If you can count “One Zambian Banana, Two Zambian Bananas, Three Zambian Bananas” and still haven’t broached the surface for a breath, beers are on us.
5) The river is in a steep-sided gorge
“Nsongwe Gorge” viewpoint, ladder visible in the bottom right of the picture.
The “Middle Batoka Gorge” on which we raft, is formed from the action of the river eroding through fault lines in the basalt rock. The result; a very steep sided gorge with limited access points. You will be required to hike in and out of the gorge to enjoy the rafting. By hike, we mean you will have to ascend steep paths for up to 30 minutes, to reach roads and infrastructure. Be sure to bring footwear that allows you to hike up and down. We have made these paths easier to transgress with “Mopani” (a local tough tree) wood ladders.
It is tiring, and in the heat, the climb can be daunting, take your time, no rush in Africa. We make sure there is plenty of water and our guides are on hand to assist you. Keep in mind that if you are considering rafting this class V river, you should be mentally and physically prepared for this challenge. The hike in and out is a great indicator of the fitness levels required for this river. The average person has no problem on these paths.
Guests ascending the Nsongwe ladder during the dry season, being assisted by Malvin Ndlewewa.
The majority of the paths into and out of the gorge have been used by our ancestors for thousands of years. The top and bottom of the paths are often “Old man settlements”. You can still find flint tools and millet grinding holes at these locations. Of note is the “Songwe Gorge” settlement at the top of the “Rapid 10” path. This heritage site was home to a large village of our ancestors.
6) There are crocodiles…but they are not a problem
The Nile Crocodile is endemic to the Zambezi River and there exists a resident and moving population in the area we raft. However, in all the years we have been rafting we have not had any issues. Renowned ichthyologist and biologist Dr. John Minshull postulates that the conditions in the upper reaches of the “middle Batoka gorge” hinder large reptile growth (they don’t get to a size that considers us prey very often).
One theory is that small crocodile hatchlings do go over the Victoria Falls and survive the drop. They survive by eating small crustaceans and insects. However, as their nutrition needs increase, along with their body mass. Their ability to move and find enough food in the small eddies, in the fast flowing water begins to dissipate. They then move further downstream, to quieter areas; out of the swift rapid areas.
Some large crocodiles do walk into the gorge from the upper river, and others do inhabit larger quieter pools, and evidence (small hatchlings in areas) suggest they do breed. Once again the theory goes that they struggle to function efficiently in fast-moving water or appear in great numbers due to the absence of food. So in some areas that remain relatively calm, we have small populations; generally, we know where these spots are and we take care and acknowledge the risk. When we do see them, they tend to be retiring and shy, a sighting is an exciting part of the day.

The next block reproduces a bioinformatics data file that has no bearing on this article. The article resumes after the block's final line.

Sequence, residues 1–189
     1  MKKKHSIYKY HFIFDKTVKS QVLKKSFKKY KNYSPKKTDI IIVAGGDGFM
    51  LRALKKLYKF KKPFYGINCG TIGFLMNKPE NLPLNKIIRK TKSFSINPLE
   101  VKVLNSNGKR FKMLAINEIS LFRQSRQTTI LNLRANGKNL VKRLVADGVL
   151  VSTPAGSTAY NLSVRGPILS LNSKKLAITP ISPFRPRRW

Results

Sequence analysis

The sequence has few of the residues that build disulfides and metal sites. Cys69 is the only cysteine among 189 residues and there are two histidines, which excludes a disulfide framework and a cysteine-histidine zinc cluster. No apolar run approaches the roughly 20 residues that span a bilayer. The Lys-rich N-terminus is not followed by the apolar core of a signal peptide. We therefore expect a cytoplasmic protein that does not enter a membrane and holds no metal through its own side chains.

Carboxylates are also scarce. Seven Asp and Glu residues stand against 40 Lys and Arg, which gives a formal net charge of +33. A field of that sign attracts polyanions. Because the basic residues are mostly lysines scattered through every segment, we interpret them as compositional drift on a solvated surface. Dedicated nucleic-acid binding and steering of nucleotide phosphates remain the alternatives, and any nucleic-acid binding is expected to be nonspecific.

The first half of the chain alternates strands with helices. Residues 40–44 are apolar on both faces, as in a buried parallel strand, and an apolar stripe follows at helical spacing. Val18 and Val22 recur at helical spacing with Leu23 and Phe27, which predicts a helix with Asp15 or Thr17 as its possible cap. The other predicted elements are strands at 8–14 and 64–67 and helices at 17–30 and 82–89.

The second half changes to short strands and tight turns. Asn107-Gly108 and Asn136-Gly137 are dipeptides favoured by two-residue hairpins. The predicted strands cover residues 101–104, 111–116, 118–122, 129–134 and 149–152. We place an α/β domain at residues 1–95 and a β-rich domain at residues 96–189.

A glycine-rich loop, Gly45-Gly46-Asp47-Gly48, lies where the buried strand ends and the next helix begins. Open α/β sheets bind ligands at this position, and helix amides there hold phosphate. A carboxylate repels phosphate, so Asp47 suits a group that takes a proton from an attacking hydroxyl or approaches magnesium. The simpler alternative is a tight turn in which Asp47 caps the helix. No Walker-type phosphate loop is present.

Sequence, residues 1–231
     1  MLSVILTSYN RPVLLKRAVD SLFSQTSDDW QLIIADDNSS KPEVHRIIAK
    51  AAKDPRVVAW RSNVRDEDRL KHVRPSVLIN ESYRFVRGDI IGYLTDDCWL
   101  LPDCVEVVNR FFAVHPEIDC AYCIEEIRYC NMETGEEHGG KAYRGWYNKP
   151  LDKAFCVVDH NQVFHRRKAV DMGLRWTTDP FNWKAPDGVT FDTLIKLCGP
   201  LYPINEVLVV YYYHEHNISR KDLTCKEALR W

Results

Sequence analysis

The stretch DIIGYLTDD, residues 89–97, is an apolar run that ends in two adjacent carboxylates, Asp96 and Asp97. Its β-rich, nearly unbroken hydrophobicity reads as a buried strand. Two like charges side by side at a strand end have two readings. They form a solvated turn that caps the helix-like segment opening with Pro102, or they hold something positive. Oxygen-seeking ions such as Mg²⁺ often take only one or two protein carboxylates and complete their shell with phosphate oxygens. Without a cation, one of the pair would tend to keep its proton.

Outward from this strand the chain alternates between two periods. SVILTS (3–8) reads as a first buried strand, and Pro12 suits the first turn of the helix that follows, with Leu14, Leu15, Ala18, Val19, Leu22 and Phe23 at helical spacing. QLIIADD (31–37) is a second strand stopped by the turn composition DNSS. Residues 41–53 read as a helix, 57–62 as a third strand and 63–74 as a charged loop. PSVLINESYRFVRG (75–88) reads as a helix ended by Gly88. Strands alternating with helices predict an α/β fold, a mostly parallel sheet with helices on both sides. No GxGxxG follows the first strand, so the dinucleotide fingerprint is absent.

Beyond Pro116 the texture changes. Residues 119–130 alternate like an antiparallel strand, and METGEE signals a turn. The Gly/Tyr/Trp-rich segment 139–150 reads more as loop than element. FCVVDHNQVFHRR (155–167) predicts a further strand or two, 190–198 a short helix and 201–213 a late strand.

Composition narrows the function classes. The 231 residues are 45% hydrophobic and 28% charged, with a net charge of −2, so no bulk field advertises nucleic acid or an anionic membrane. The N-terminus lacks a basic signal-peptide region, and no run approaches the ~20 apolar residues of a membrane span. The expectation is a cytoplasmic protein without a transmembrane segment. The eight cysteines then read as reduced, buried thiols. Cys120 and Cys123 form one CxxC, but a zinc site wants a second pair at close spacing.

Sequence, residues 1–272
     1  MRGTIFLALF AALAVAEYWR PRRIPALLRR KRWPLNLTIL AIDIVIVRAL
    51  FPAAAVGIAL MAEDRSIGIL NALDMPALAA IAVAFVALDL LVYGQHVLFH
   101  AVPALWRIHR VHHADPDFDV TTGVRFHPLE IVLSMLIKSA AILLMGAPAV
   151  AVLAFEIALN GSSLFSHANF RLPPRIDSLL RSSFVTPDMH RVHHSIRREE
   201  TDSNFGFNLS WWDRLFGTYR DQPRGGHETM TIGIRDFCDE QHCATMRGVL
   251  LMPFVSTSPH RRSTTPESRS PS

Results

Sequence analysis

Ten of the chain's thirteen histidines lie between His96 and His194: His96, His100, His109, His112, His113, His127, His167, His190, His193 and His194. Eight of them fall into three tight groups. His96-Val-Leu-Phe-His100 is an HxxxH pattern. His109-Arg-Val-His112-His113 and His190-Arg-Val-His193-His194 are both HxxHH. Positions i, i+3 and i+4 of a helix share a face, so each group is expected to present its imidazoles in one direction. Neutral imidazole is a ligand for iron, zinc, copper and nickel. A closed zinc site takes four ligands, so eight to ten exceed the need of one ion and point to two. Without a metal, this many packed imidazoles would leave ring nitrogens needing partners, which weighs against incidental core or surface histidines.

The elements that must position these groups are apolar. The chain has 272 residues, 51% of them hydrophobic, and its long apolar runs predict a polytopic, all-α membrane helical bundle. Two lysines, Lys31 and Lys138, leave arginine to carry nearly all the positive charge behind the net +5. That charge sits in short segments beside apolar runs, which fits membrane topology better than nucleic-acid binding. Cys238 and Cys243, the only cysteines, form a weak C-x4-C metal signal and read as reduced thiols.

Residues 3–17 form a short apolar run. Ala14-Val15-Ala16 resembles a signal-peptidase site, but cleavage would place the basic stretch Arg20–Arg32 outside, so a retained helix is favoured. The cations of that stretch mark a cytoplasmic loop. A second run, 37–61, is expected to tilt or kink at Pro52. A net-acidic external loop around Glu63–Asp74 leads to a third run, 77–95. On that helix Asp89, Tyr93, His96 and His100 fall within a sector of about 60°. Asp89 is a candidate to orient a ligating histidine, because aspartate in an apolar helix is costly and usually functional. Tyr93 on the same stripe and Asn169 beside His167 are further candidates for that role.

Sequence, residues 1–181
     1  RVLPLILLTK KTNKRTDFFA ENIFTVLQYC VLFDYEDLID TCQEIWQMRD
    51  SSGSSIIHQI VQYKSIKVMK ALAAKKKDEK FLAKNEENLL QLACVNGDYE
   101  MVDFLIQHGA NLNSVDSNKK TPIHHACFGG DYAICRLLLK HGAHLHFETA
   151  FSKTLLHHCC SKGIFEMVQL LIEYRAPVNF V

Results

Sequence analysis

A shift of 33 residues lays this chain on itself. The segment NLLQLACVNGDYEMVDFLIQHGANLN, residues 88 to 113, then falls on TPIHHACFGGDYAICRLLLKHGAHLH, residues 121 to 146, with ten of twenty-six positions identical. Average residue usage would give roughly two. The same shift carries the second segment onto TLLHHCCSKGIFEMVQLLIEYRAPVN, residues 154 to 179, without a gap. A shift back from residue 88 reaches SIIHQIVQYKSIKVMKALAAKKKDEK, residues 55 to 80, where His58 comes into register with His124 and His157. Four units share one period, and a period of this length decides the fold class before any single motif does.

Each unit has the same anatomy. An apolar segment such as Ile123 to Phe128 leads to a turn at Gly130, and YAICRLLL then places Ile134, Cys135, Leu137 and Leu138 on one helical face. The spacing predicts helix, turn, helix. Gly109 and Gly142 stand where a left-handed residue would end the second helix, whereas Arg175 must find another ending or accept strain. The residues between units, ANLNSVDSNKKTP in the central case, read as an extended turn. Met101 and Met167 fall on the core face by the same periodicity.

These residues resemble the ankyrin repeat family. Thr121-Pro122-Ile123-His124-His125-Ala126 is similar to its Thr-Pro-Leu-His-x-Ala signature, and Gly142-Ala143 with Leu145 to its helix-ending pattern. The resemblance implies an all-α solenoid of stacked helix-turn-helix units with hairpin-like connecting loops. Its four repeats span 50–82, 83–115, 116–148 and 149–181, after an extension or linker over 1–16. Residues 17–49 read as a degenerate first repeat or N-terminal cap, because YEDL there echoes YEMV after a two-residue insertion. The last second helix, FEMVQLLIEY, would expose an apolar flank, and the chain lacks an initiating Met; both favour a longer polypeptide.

Picture of this croc not taken in the Gorge, but at our rafting base on the upper river.
Crocodiles, Hippos, and Elephants regularly go over the Victoria Falls at certain water levels. We often find the carcasses in the Batoka Gorge and there are some well known “bone gardens” in some locations.
7) You may be in a raft with strangers…but not for long
Rafting Crew on the side of rapid#9
We run the Zambezi in 16-foot self-bailing rafts, with crews of up to 8, but usually 6 or 7. You and your travel companions may be teamed up with people you don’t know. Not to worry, you will be under the instruction of one of our “International Rafting Federation” accredited guides. This is a great opportunity to meet new people and create lasting friendships. It is an incredible shared experience, on an incredible river. The teamwork and exhilaration of a day on the Zambezi simply can’t be explained; until you “tick it off”. Sharing a “Mosi” beer with your fellow rafters at our rafting base, on the banks of the upper-Zambezi River, is a great way to finish the day. We call it “Beer and medal time”.
Rafts on the Zambezi, closest raft has a stern mount set-up.
We run “Stern mounts”, rafts with oars. This is usually at the guides discretion. However, on every trip you will see at least one “stern mount”. The seat that the guide sits on, is actually a stretcher should we require it.
8) The Zambezi is class V
Dropping into the “Land of Giants”.
“Highway to Heaven” crew successfully running Rapid #5.
Worldwide trends have seen an increase in the overuse of Class-V classification on runs that are clearly below the grade.